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#dbscturkeyshoot – With the tweets from the Dublin Bay Buoy giving an average wind speed of 10kts and gusts of 16kts, the two INSC teams (INSC1 skippered by Kenneth Rumball, INSC2 skippered by Alexander Rumball) headed out to the second DBSC Turkey Shoot race with smiling crews after the baptism of fire from the previous week writes Kenny Rumball. Such light southerly winds meant most 1720s thumbed a tow from passing engine driven yachts to hitch a lift to the outer harbour. As the training days for both INSC teams were mostly blown out, the two teams took advantage of the lighter conditions to practise a few hoists gybes and drops of the bigger mast head spinnakers on the 1720s.

Shifty conditions gave Fintan Cairns and his team on Freebird a tricky course to lay, so shifty that between the second and third start, there was almost a 50 degree shift from the south to south east turning a square start line into a heavily biased pin end line inside the sequence. INSC2 lined up for a run in on port tack at the pin end whereas INSC1 took a more conservative start on starboard tack near the pin end. INSC2 pulled off a great start but with a narrow infringement with a RIYC boat forcing the INSC2 team to do a few penalty turns. INSC1 got buried in the line and immediately set about rolling into a few tacks in the shifty conditions to pull back into the race. It was anybody's guess as to what was the best track up the beat, INSC2 went out towards the left side with one of the Royal St George 1720s, Merlin, helmed by Ben Cooke and the National Yacht Club entry helmed by Brian Matthews. INSC1 took a route more up the middle of the track availing of the puffs and shifts coming in from the right hand side of the beat. The boats on the left ended up in a hole near the top mark with the other Royal St George entry helmed by Hugh Butler storming in on the starboard lay line in a lovely little bit of pressure. INSC1 tacked out to fall in behind the Royal St. George boat around the top mark, a quick hoist in almost no wind on the top reach allowed INSC1 to roll most boats by the next mark on the trapezoid course. At this stage INSC1 had managed to squeeze through and find some breeze to gain a dominant lead over the rest of the fleet. INSC2 after struggling in the hole on the top left of the beat had managed to work through the fleet in the downwind legs using some smart sailing to get up into the top end of the fleet.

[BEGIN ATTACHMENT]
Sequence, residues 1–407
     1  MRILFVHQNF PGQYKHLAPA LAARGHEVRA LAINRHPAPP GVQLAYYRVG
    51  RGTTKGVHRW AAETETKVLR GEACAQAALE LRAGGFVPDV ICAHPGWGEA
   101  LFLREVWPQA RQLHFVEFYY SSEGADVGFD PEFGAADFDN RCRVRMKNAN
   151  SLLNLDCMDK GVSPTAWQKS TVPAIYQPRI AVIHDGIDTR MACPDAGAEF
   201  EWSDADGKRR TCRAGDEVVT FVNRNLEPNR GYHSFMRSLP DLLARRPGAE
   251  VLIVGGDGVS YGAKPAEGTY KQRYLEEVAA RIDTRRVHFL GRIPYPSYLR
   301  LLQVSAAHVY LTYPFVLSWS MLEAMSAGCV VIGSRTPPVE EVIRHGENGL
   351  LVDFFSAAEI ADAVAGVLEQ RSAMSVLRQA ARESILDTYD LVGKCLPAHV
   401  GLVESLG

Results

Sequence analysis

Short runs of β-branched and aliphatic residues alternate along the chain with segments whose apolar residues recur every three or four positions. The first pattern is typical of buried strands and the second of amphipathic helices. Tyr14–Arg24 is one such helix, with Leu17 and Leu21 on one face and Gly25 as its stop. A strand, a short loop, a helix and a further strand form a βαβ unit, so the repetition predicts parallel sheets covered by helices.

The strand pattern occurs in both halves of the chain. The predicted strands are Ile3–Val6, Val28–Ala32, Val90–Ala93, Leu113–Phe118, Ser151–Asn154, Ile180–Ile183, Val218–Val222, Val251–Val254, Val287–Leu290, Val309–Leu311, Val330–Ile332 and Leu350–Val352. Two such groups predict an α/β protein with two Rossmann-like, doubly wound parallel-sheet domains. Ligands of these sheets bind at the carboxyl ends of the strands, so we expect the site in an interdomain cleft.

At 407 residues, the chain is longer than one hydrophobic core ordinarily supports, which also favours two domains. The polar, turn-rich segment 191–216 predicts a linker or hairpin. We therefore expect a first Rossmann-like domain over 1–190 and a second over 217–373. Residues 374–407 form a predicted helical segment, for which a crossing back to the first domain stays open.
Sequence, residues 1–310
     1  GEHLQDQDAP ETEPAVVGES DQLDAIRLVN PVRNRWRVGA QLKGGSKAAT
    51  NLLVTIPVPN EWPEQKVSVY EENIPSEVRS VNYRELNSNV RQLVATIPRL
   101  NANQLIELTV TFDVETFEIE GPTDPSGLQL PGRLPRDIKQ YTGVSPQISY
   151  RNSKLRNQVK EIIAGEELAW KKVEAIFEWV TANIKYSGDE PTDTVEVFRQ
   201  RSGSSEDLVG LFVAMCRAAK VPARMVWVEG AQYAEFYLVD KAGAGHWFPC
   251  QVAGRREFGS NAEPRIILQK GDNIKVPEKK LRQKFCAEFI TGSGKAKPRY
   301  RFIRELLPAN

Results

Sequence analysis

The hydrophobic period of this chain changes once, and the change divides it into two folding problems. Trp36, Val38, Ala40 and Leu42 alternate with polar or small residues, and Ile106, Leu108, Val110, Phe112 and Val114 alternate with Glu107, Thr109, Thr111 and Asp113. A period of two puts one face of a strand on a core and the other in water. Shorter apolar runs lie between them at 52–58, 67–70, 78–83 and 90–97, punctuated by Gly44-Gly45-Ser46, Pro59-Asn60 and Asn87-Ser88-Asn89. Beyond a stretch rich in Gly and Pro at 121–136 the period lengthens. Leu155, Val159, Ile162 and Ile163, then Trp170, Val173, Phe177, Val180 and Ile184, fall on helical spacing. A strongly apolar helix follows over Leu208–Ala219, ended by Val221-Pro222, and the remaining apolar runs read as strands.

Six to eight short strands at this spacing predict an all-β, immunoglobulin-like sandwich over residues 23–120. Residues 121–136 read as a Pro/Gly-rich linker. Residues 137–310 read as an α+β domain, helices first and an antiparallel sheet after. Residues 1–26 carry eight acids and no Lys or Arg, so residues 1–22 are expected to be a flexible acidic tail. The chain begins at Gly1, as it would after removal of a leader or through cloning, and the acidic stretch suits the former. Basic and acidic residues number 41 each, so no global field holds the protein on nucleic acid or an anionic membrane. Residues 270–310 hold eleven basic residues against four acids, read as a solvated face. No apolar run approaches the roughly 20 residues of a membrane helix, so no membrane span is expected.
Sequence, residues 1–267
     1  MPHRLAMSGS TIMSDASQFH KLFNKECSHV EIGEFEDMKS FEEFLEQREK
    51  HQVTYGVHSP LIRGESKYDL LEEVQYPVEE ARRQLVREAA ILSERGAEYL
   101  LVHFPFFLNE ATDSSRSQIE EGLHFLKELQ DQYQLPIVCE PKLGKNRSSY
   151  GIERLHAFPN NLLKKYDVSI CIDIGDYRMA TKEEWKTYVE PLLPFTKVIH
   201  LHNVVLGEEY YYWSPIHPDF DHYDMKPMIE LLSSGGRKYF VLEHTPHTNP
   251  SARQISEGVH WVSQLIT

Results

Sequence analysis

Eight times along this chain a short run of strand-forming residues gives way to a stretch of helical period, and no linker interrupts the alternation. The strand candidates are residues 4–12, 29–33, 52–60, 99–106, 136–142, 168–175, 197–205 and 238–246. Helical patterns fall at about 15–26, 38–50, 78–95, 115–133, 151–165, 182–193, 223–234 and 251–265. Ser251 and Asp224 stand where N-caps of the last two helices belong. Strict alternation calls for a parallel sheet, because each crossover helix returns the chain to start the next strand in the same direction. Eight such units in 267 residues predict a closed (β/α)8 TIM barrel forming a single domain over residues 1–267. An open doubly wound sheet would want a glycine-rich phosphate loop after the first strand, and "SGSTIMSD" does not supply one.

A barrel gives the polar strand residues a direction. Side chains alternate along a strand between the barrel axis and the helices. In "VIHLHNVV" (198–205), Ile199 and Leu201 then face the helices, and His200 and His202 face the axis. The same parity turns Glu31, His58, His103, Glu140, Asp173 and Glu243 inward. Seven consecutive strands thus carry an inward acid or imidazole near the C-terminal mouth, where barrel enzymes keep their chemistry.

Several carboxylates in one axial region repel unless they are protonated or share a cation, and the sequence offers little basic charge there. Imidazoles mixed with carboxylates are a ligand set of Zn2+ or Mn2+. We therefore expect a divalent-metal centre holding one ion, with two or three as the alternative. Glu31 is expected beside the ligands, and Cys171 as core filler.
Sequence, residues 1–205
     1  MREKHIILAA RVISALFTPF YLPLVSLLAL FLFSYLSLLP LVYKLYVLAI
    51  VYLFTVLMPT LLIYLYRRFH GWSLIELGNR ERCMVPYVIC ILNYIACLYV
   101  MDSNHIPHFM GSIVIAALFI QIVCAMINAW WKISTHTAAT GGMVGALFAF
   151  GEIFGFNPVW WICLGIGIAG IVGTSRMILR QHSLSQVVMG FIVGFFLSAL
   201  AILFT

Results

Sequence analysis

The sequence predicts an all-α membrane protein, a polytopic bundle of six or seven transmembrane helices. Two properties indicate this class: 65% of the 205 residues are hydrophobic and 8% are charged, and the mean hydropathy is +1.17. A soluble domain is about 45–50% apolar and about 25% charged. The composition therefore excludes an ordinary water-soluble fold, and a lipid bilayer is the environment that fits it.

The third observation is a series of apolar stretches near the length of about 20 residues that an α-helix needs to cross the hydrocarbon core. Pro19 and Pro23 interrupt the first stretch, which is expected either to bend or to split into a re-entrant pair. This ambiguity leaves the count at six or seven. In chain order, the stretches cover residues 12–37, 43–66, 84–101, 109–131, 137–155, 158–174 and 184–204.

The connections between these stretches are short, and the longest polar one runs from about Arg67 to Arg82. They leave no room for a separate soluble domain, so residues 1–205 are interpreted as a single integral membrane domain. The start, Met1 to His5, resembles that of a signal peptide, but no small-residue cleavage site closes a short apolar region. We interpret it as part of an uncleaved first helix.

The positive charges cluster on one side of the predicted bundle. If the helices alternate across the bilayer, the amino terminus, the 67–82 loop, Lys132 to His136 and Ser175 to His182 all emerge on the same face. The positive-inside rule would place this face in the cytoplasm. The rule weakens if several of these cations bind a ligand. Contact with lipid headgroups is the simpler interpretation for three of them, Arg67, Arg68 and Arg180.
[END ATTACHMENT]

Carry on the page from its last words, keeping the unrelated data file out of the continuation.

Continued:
INSC1 continued with its lead massively reduced up the last beat as the breeze died off again towards the top of the course but still managed to claim line honours followed in a very close finish between the NYC's Brian Matthews and the RstGYC's team lead by Ben Cooke with Brian Matthews and team claiming the narrow spot for second over the water.